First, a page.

Thinking Transoceanic Justice...
NWSA--National Women's Studies Association Conference in Atlanta, GA Nov. 8-11 2018
The recent “oceanic turn” in literary and cultural studies calls attention to the ocean as a critical space where living beings and inanimate objects converge to form networks of interrelations. This ecological understanding of the ocean is, however, intertwined with the ambivalent power relations generated by colonial/imperial interests in claiming resources and territories of oceans and islands. Consider, for example, how the US empire colonizes Hawai’i and Guam to establish military practices that are detrimental to local Indigenous cultures and ecosystems, or how multinational corporations dominate Paupa New Guinea’s logging and mining markets while exploiting the bodies of local laborers. Oceans and islands thus constitute a space where environmental injustice is entangled with colonial/imperial domination and capitalist exploitation, demanding an urgent call for (re)articulating a feminist vision of justice.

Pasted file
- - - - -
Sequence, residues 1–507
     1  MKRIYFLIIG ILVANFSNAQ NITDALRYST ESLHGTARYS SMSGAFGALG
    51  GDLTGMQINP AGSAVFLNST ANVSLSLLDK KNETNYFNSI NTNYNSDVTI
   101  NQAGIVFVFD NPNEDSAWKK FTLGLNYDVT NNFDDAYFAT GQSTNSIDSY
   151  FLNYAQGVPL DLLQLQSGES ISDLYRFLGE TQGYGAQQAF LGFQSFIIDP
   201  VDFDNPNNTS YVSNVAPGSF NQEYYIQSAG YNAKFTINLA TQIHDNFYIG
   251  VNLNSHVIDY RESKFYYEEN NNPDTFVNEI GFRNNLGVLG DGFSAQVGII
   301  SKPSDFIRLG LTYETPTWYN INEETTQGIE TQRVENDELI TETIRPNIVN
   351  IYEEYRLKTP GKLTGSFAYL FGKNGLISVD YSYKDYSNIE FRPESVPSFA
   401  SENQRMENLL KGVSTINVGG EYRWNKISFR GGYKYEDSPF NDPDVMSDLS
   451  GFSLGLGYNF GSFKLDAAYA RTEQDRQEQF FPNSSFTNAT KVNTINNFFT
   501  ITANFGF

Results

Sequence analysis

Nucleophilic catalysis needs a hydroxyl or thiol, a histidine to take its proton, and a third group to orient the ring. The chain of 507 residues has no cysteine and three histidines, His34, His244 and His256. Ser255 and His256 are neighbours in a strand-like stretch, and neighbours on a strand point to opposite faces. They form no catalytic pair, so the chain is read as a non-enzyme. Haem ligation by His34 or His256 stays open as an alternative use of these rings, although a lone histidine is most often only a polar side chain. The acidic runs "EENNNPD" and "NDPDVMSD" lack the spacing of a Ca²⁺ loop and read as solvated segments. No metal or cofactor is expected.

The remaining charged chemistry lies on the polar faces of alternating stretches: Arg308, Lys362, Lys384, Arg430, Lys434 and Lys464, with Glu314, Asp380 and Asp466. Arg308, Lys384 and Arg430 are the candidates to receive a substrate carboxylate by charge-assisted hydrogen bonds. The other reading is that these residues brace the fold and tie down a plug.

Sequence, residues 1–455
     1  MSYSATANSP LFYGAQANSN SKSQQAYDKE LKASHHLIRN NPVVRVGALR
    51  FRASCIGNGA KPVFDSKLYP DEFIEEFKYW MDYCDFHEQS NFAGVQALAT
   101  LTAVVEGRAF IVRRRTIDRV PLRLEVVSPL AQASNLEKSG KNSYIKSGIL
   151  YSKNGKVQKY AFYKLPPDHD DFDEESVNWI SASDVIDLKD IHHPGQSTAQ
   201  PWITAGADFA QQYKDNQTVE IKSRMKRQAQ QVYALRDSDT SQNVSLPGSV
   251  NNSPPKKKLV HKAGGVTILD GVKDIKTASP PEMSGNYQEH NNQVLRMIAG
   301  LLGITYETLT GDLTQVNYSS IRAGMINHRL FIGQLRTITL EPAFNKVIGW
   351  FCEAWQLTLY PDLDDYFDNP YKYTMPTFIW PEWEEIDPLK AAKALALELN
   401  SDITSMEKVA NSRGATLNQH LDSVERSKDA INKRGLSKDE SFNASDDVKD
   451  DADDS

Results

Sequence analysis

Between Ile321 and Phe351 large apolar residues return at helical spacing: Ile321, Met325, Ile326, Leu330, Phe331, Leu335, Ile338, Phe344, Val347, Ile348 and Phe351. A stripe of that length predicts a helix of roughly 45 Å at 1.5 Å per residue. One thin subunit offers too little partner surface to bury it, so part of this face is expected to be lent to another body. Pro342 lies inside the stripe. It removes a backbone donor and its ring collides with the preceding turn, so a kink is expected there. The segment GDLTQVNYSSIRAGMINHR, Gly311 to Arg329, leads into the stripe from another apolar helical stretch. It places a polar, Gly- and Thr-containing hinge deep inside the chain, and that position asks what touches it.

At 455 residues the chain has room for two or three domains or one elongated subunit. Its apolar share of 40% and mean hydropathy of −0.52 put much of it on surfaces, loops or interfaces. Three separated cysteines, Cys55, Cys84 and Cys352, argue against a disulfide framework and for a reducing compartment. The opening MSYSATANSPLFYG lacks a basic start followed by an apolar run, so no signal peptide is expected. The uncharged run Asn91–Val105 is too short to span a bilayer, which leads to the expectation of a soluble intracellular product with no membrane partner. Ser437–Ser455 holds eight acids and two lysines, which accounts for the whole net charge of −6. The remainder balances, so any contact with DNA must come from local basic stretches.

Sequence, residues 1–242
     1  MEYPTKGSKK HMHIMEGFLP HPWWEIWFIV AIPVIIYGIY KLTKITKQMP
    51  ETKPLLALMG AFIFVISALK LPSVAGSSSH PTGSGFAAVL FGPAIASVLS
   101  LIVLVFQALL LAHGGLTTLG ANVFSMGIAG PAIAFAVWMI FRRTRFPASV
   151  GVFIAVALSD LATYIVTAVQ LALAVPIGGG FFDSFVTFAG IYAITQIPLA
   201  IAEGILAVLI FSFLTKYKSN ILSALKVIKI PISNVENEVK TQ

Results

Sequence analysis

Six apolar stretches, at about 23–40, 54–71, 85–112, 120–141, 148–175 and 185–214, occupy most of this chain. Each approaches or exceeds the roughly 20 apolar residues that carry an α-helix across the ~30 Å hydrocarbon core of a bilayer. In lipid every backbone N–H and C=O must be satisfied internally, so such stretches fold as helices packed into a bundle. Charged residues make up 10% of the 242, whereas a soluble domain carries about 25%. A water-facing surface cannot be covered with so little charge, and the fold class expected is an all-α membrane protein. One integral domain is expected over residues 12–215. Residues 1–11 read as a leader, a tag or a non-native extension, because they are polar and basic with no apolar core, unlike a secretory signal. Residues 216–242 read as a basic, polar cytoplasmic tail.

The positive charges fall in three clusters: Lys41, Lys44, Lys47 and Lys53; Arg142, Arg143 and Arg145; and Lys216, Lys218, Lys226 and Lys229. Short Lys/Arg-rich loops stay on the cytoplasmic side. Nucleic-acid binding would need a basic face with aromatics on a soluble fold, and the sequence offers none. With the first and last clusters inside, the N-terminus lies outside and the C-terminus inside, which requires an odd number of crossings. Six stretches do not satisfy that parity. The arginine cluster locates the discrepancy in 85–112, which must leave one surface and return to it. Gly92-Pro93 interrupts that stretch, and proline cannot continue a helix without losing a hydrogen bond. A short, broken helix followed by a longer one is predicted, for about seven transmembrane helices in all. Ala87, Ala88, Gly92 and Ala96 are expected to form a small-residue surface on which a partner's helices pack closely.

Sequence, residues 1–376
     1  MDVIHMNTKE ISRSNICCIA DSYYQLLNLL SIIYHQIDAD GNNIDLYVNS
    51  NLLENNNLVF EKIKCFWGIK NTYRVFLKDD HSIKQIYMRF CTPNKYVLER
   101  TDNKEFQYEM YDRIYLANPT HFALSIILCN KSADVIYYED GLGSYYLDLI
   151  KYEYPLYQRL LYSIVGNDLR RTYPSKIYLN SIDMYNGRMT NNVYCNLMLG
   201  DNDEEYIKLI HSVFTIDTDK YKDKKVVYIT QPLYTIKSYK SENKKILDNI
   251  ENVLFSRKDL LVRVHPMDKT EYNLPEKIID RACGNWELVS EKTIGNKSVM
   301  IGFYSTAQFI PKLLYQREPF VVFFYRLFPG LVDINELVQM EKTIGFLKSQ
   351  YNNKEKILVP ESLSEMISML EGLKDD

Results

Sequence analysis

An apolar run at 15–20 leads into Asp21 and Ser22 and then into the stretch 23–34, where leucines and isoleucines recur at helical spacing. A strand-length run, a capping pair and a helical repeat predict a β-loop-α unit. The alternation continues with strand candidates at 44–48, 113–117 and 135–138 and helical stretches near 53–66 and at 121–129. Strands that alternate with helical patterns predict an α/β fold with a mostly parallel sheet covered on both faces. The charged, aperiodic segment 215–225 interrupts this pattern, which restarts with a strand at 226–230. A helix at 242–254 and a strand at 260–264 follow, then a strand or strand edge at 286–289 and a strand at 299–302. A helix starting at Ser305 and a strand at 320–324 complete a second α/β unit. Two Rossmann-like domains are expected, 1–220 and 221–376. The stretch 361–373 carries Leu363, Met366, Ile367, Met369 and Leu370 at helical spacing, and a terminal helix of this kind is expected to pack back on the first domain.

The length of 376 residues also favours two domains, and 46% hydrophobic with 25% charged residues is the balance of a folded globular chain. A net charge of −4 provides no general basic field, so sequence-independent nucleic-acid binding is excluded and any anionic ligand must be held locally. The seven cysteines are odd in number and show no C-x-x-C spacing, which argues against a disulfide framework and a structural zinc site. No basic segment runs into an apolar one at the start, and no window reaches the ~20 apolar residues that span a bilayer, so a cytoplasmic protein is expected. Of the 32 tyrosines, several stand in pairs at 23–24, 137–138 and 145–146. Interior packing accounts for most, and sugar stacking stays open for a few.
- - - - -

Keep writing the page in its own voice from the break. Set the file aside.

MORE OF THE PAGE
In this panel, we take the ocean and island as critical sites for producing feminist visions of justice. What does it mean to imagine feminist visions of justice through an ecological and/or decolonial lens? How can we theorize a vision of oceanic freedom and justice that is applicable to both the human and nonhuman? How can the knowledges produced by new materialisms, feminist science studies, Indigenous studies, and transpacific studies help us develop a politics of caring for for oceanic beings, objects, and islanders? We welcome papers that engage with these and other, related questions, particularly as they are connected to the emerging field of transpacific studies and its engagement with oceanic geography, embodiment, optics, and/or affect. Please submit your abstract (under 100 words) to Yi-Ting Chang (firstname.lastname@example.org) or Miriam Gonzales (email@example.com) by Feb. 15, 2018.